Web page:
For more than a year now (since 20 July 2016), the road between Santa Barbara and Caranavi (on the primary road between La Paz and Rurrenabaque) has been closed from 7 am to 5 pm, Monday to Saturday, due to road construction activities. We didn’t know that, though, when we left La Paz at 5 am last Tuesday morning in order to drive to Rurrenabaque. When leaving La Paz, well before dawn, we paid the road toll of Bs. 9.50, and the guy in the toll booth didn’t think to warn us that we would soon have to wait for 9.5 hours because the road is closed all day.
According to Nina and Arduz (2016), the density of roads in Bolivia is about 8 km per 100 km2 of territory, which is less than half the average density in Latin America and less than a third of the world average of 28 km/100 km2. By 2012, about 52% of the primary road network was paved, while a very small fraction of other roads was paved. The lack of good roads constitutes a serious limitation on the development of the country, as it dramatically increases transportation time and vehicle maintenance costs, and therefore transport costs (1).
This situation is pretty much inevitable for a large, sparsely populated, mountainous, jungle covered country, like Bolivia, but the Government of Bolivia has been doing its best to improve the situation by channelling enormous amounts of money into road construction (around USD 10 billion during the last 10 years), making the transport sector by far the single biggest recipient of public funds. For example, last year the Bolivian Government budgeted 28.9% of all public investment to the transport sector (28.9% of USD 6.4 billion amounts to USD 1.8 billion), while the education and health sectors received 5.5% each, and the water infrastructure sector only 0.9% (2).
The problem is that almost all of these road investments have been unbelievably badly executed.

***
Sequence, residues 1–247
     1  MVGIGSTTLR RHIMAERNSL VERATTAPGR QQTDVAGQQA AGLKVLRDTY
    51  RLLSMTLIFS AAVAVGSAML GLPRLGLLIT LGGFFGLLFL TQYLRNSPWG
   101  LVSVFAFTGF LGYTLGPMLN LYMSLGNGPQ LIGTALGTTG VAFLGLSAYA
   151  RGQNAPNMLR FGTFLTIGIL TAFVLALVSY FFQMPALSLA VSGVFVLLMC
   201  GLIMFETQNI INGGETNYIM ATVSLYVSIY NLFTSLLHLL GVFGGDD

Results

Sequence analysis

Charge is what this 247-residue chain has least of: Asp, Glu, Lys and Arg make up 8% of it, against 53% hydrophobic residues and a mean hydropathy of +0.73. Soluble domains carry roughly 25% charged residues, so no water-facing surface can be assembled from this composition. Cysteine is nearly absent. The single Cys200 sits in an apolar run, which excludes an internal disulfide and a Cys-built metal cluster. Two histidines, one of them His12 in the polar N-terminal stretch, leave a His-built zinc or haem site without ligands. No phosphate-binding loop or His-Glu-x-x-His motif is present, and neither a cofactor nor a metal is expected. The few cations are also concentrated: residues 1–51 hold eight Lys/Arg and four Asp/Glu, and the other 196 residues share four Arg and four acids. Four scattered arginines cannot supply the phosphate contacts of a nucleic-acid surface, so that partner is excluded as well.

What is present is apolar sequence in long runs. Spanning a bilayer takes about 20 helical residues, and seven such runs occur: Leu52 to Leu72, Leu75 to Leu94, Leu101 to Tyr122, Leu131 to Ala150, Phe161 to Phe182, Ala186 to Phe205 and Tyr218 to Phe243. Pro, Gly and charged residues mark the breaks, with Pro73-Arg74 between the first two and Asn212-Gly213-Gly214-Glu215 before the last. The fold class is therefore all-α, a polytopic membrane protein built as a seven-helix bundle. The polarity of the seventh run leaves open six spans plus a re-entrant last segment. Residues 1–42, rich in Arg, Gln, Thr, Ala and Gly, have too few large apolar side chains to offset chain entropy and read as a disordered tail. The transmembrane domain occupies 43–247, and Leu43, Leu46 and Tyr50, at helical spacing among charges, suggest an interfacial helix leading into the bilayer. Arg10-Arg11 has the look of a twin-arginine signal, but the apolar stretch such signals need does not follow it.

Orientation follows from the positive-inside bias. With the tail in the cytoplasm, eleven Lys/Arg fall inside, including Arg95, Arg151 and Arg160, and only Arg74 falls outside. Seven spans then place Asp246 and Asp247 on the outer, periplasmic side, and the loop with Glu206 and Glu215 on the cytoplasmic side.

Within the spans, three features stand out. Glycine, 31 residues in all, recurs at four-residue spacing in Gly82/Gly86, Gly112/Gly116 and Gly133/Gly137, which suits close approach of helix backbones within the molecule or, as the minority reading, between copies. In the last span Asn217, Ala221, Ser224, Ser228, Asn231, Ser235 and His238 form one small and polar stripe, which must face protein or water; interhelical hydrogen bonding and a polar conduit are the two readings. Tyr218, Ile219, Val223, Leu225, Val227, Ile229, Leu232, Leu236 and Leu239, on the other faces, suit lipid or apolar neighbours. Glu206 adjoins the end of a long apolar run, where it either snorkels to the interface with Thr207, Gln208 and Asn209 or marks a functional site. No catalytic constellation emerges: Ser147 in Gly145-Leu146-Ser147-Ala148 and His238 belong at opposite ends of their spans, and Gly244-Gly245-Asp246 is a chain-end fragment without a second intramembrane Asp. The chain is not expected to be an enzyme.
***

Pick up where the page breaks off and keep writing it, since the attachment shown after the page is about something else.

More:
Academic research is rarely nauseating, and I did not expect to get sick to my stomach from a research project we have with Boston University called “Safeguarding Sustainable Development.” The project is simply trying to find out whether the social and environmental safeguards of the institutions that finance major infrastructure projects in Latin America (e.g. CAF, IDB, WB) help secure the successful implementation of the projects with minimal environmental harm and minimal harm to the people living in the affected areas. The project covers several countries, but at INESAD we just have to evaluate three Bolivian road projects.
Last week we visited the first of our road projects, which is the double-road between La Paz and Oruro (Bolivia’s Highway No. 1). Most people appreciate this new road because it makes travelling between La Paz and Oruro much quicker and safer. It also created lots of local jobs during construction, and local communities have generally been adequately consulted and well compensated for the direct adverse effects of the road construction project. Local people quickly figured out how to get from A to B using this new road (even if it means driving in the wrong lane in the wrong direction for a stretch), so for them the lack of, or highly confusing, road signs were not considered a big problem.
Last month I participated in a very interesting workshop on water and sanitation in rural Bolivia organized by the Ministry of Environment and Water. I learned from the engineers and sociologists there that things are never as simple as economists tend to think. But as the only economist present, I also tried to teach the engineers and sociologists that things are not as simple as they tend to think.
With the combined insights from engineers, sociologists and economists, I have reached the conclusion that 100% coverage is an elusive target for at least five different reasons:
First, the population growth rate in Bolivia is about 1.5% per year, which means that even if we reach 100% coverage by January 2025, by December the same year there will be almost 200,000 additional people who need water and sanitation.